clock menu more-arrow no yes mobile

Filed under:

Bills 24, Chiefs 20: penalty recap

I honestly thought there were a lot more flags

Buffalo Bills v Kansas City Chiefs Photo by Jason Hanna/Getty Images

What a game! The Buffalo Bills took down the Kansas City Chiefs for the second year in a row in the regular season. I’m pretty confident that those are the only games they’ve played recently, too.

Winning is cool and all, especially against one of the league’s elite teams. But how did the penalty situation go down? That’s what all the cool kids want to know.

Standard and Advanced Metrics

Penalty counts

Even though the Bills had higher-than-average Counts and True Counts, it feels like this is way too low. Also, not shocking to Bills fans is the fact that Kansas City had lower numbers using these metrics. For the league numbers, the true count went down a tiny amount, but the assessed count went a tiny bit up.

Penalty yards

This might make us feel better. Despite higher counts than Kansas City, the Bills have significantly lower yards. When we factor in negated yards, the gap gets pretty absurd. The league average ticked up slightly just like the assessed count did.

Penalty Harm

Buffalo Bills

I’m going to get one thing out of the way immediately. I’m not doing GIFs this week. Why is that, you ask? Usually I’m known as a ref apologist, and usually I vehemently defend that trait. Crews makes mistakes every game, I know that, and sometimes they even have a bad day. Once in awhile, though, the refs have themselves a “losing to Jacksonville with Urban Meyer at the helm” type of bad day. Brad Allen and company did that in this one.

If I were to closely look at all these calls, I guarantee you I’d find a few bad ones. Feel free to check with any other Buffalo Rumblings contributor to verify this, but I called out multiple Stefon Diggs “shoulda been” flags when he didn’t reset at the line completely before the snap. What I’m getting at is this: the answer is “yes.” If you thought you saw a bad call in this game, you’re probably right.

Let’s talk penalty harm. Most of these aren’t spectacular; with two flags declined and one offsetting, that’s already three at zero harm. Rodger Saffold’s false start was half the distance to the goal for two yards and negligible harm. Buffalo happened to score their first touchdown on this drive. And the half the distance was partially thanks to linebacker Tyler Matakevich, who was flagged on a punt that would have already had Buffalo backed up. His half the distance was for three yards.

Wide receiver Gabe Davis’s holding flag is semi-interesting. Holding is usually enforced at the original line of scrimmage, but sometimes it’s a spot foul like this one was. It wiped out five yards of a Devin Singletary run on top of the assessed yards.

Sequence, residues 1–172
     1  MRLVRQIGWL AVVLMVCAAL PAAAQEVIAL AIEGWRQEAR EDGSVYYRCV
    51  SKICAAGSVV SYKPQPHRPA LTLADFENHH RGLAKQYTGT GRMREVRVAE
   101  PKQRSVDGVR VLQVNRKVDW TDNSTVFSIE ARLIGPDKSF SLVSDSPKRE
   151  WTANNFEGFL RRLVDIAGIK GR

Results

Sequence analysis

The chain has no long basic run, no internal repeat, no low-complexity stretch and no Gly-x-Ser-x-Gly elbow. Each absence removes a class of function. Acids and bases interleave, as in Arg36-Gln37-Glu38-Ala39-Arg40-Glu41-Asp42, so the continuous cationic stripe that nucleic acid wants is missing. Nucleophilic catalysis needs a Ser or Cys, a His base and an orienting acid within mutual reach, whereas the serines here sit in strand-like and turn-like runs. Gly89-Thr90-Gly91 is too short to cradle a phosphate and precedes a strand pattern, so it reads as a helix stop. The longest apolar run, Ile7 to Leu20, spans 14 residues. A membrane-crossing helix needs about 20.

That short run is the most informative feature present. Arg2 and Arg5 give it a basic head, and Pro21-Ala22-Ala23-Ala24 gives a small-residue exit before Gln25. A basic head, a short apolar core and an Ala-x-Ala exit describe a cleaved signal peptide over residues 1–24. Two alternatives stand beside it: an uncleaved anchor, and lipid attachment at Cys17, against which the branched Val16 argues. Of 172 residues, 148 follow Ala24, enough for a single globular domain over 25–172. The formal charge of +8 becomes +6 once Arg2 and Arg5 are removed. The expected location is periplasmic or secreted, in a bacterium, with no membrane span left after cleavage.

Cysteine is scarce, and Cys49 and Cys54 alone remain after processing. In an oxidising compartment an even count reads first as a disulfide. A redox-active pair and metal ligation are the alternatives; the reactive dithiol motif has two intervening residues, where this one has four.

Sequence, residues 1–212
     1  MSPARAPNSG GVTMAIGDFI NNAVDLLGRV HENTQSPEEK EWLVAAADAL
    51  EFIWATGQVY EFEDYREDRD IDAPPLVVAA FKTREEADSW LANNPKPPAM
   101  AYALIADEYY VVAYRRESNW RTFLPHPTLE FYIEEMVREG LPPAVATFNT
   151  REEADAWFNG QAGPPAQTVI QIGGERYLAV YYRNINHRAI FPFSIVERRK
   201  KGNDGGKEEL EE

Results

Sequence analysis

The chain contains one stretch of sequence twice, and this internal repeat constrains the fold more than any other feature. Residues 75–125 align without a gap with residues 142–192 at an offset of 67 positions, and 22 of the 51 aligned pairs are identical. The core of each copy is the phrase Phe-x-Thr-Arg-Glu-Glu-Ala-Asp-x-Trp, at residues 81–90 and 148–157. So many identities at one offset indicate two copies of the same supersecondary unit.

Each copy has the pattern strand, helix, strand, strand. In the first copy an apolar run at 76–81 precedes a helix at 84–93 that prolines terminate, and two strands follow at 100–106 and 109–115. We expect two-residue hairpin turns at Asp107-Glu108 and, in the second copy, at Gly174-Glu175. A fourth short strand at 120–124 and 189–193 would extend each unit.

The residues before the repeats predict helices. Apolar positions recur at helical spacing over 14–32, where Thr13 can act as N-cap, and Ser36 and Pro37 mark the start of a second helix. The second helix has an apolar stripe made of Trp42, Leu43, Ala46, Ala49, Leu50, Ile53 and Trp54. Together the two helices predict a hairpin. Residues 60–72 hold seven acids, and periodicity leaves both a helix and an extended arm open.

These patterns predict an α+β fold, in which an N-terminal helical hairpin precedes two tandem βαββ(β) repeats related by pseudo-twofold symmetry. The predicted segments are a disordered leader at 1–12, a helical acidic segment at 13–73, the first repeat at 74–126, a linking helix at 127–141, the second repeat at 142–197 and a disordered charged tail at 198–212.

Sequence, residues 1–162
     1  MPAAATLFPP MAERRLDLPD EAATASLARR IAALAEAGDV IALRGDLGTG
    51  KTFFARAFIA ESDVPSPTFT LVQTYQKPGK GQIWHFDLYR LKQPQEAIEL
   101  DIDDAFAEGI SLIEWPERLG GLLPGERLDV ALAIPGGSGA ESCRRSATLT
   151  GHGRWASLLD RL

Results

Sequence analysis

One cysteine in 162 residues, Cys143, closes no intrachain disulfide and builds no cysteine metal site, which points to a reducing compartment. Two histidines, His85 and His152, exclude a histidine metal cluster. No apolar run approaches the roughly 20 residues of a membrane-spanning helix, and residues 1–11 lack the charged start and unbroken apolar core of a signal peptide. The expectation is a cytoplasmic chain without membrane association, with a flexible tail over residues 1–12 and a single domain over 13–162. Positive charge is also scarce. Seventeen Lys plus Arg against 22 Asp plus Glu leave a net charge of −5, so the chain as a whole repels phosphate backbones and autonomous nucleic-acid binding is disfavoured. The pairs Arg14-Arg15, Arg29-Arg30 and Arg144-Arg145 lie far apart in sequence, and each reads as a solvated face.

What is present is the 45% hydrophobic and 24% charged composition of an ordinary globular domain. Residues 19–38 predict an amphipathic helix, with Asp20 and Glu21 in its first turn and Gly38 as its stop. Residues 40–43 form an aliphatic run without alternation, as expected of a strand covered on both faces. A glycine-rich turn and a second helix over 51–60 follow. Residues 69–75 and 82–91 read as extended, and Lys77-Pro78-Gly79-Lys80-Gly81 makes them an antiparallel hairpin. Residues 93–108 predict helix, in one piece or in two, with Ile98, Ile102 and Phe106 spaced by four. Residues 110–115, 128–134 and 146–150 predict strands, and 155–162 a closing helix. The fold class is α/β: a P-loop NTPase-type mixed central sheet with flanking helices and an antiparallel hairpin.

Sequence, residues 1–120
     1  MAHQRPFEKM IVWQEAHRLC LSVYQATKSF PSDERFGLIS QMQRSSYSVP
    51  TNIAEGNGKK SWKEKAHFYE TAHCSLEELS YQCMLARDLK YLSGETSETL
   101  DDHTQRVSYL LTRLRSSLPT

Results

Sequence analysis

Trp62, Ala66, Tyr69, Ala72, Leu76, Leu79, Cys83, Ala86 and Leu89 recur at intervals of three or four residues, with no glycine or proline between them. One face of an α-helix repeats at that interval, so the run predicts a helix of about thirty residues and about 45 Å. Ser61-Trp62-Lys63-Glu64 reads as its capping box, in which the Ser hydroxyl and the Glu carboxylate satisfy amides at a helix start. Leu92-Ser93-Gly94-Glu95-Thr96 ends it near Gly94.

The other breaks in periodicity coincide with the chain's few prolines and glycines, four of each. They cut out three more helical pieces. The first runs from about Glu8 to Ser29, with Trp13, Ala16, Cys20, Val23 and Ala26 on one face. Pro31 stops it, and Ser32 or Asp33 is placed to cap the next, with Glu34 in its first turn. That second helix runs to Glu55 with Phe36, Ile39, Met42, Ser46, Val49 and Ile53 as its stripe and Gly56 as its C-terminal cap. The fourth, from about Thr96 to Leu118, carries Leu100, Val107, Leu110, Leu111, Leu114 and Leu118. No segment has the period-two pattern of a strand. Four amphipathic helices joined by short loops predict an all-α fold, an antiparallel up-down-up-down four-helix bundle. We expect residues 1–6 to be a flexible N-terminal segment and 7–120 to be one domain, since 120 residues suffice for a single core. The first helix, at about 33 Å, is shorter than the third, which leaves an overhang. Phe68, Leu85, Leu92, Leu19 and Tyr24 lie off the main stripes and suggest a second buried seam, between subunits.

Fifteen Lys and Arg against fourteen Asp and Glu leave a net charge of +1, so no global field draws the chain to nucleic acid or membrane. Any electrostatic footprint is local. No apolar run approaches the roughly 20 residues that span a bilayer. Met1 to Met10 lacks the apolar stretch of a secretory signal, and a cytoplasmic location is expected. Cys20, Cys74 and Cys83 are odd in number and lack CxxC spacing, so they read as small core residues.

Defensive back Siran Neal justifies the left-hand bars (red ones) this week. That’s reserved for counting how many penalties of the same kind a player had. It’s rare to be higher than “1” in a game. Neal got a stern lecture thanks to three defensive holding calls. Two were enforced. One was yardage only, but the other gave KC two free downs.

Despite a high volume of flags, Buffalo really wasn’t set back by them. They ended up with 7.0 Harm for the game, which is a pretty good day overall.

Kansas City Chiefs

Low count doesn’t always mean better. Penalty context and timing can be huge, and that’s what we have here. A false start doesn’t move the needle, and the taunting call from wide receiver JuJu Smith-Schuster was yardage only. A trio of bad penalties escalate things to 12.0 Harm total on the day, which is above our 10.0 Harm cutoff for a bad day and significantly worse than Buffalo.

Center Creed Humphrey was called for being ineligible downfield. It wiped out an 11-yard gain and a first down from second. That’s 5 assessed yards + 11 negated yards + 1 negated down for a total of 2.6 Harm.

Safety Juan Thornhill was called for a 23-yard defensive pass interference flag. This also gave a free down to Buffalo to elevate it to 3.3 Harm.

Remember that Harm is intended to be a red flag system for the yellow flags. Numbers aren’t absolute to actual damage on the field, but higher numbers do a good job of showing us which flags had a greater chance at impacting the outcome of a game. Tight end Travis Kelce was called for offensive pass interference when the game was tied at 17. His flag negated a 31-yard catch by Kelce, in addition to the 10 assessed yards.

The catch brought the Chiefs all the way down to the Bills’ 11-yard line. The flag pushed them all the way to their own 48-yard line. Kansas City was able to work down the field for a field goal, but it’s not a stretch to think this may have been a four-point swing in the game.

Weekly Trackers

Feel free to peruse the weekly trackers. The Bills had a fairly rough day. It was one of their worst this season. But compared to prior years, Buffalo has been doing pretty well (knock on wood).